While you are at it, take a look at how many more referrals you’ll get a year if you keep more customers. How much more positive word of mouth will be put out into the market place when you make customers happier? What’s the true lifetime value of a happy customer?
There are hard and soft, tangible and intangible results of losing vs. keeping customers. The company that loses customers has a high customer churn rate and therefore a less-stable customer base. If you are losing 30% a year and replacing 30% a year there are other hidden costs. There is a cost of “training” the customer in your system of doing business; they need more help to do business with you. There is a smaller stable base, only 40%, to use for research, development and forecasting.
Companies that lose a lot of customers spend a lot of money on sales and marketing to replace the ones they lose. That diverts budgets from service and the growing needs of employees. Let’s face it, when you have to worry about replacing customers, you are not worrying about replacing the worn-out chairs in the cafeteria or brightening the office with new paint.
These days when employees see that you don’t invest money on their behalf to make their environment more comfortable and more inviting, they spend your time online browsing the available jobs at other companies. And when they find one, they leave, taking with them valuable knowledge and competitive secrets. Don’t be fooled. The recession has people staying put longer, but it hasn’t made them any more loyal. It’s incumbent on leadership to create a great place to work if they want employees to go the extra mile for the customer.
It’s important to recognize and remember that a “satisfied” customer is not good enough—up to 80% of the customers who told you they were satisfied on your last survey are just as likely to defect as those who weren’t. Without the “wow” to make the experiences positive, memorable and worthwhile, your future success hangs on the whim of the customer because they have not formed an emotional attachment to you and so they are easy prey for your competitor coming along with a great deal.
The more customers you lose the harder it is on your staff. Morale suffers when customers leave and the new ones require more patience and more time. Companies that lose a lot of customers also tend to lose a lot of employees. There is a direct correlation between customer happiness and employee happiness, customer unhappiness and employee unhappiness. Losing customers impacts every area of your business, especially your ability to grow.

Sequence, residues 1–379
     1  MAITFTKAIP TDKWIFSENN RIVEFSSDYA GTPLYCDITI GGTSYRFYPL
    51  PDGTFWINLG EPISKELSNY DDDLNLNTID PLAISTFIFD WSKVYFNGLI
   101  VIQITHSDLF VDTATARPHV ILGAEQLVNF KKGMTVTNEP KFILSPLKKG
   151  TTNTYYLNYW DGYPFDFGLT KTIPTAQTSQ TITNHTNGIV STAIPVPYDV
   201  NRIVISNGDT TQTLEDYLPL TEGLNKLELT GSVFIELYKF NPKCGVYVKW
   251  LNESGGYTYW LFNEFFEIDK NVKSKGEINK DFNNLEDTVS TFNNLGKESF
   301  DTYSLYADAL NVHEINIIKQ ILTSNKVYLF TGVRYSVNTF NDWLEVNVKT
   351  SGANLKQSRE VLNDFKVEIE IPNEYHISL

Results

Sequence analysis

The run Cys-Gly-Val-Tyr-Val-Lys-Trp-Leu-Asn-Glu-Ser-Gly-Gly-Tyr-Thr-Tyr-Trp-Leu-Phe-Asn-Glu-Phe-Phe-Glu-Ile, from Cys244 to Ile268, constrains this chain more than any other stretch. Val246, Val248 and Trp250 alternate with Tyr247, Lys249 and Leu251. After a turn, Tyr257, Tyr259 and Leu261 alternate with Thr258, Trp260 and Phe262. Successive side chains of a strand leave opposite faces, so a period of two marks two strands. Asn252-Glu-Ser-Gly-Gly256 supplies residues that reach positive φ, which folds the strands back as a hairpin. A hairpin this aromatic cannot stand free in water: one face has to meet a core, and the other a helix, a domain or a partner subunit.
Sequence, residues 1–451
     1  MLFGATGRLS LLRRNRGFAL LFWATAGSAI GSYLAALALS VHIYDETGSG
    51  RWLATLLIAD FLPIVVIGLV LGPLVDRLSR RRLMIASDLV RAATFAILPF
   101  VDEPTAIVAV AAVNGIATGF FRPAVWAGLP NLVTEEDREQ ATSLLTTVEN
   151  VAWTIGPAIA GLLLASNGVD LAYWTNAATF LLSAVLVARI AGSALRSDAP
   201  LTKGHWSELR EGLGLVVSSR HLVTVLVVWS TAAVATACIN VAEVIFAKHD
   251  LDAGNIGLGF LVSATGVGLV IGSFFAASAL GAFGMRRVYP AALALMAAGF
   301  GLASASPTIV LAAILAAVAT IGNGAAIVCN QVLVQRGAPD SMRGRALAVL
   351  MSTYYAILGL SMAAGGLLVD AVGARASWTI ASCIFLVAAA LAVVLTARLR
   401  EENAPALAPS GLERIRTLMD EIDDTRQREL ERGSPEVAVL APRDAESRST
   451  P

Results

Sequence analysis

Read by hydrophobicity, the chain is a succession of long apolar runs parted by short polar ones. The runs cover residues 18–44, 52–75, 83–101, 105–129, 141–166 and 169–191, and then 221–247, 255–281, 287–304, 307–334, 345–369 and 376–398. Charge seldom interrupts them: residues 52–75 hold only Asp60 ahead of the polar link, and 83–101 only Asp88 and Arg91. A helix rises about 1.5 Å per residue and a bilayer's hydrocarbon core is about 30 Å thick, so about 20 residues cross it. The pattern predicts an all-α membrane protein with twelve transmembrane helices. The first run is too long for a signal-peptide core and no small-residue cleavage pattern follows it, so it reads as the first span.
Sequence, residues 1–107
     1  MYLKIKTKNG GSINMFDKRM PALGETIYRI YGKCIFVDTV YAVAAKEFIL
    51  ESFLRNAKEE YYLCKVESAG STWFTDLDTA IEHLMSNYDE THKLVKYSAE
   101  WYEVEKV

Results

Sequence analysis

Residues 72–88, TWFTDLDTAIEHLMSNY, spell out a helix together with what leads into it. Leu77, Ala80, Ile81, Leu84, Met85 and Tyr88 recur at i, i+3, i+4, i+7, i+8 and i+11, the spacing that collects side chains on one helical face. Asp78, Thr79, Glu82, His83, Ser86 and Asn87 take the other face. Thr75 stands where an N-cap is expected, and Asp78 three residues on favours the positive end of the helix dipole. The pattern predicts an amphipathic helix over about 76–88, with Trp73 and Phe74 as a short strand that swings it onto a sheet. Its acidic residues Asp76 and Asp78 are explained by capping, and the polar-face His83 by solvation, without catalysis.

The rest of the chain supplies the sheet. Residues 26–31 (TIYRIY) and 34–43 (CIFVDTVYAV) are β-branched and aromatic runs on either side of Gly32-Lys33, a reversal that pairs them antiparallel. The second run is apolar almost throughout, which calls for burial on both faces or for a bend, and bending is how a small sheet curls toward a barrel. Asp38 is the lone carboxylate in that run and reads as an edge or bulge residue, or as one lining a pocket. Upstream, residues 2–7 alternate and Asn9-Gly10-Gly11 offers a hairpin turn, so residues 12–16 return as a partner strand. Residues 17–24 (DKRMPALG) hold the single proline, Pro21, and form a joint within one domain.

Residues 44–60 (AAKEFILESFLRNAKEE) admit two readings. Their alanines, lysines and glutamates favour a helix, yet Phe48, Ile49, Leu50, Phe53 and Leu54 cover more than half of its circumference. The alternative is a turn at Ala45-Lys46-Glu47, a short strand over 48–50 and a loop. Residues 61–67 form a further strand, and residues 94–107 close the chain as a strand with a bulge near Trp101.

So, have I convinced you that the cost of losing customers (and the advantage of keeping them happy) is high enough to get Executive attention? I certainly hope so. My experience dealing with C-level execs for over a dozen years tells me that most don’t have a good grasp on the impact of customer loss on their ability to grow. Most relegate “customer service” to a department where people get paid less than many others in the company and never spend any time there themselves to understand what goes on. (Although that’s changing, it’s not fast enough.)
There’s never been a time when it’s been more critical for leaders to tackle the “customer-keeping” issues in the business.
This means understanding how to attract the most potentially profitable customers for your business, how to retain those customers by providing more value than they expected and how to nourish and grow the relationships by engaging the customers so you can anticipate their future needs. There’s a huge payback when you focus your attention on how these activities work in your business. Customers who feel valued and appreciated are willing to spend more and to refer others, they say nice things about your company, which gives you more credibility in the eyes of potentially new customers. Win, win, win. (And it stands to reason that employees who feel valued and appreciated are going to be the ones to engage the customers in becoming your raving fans. Another win.)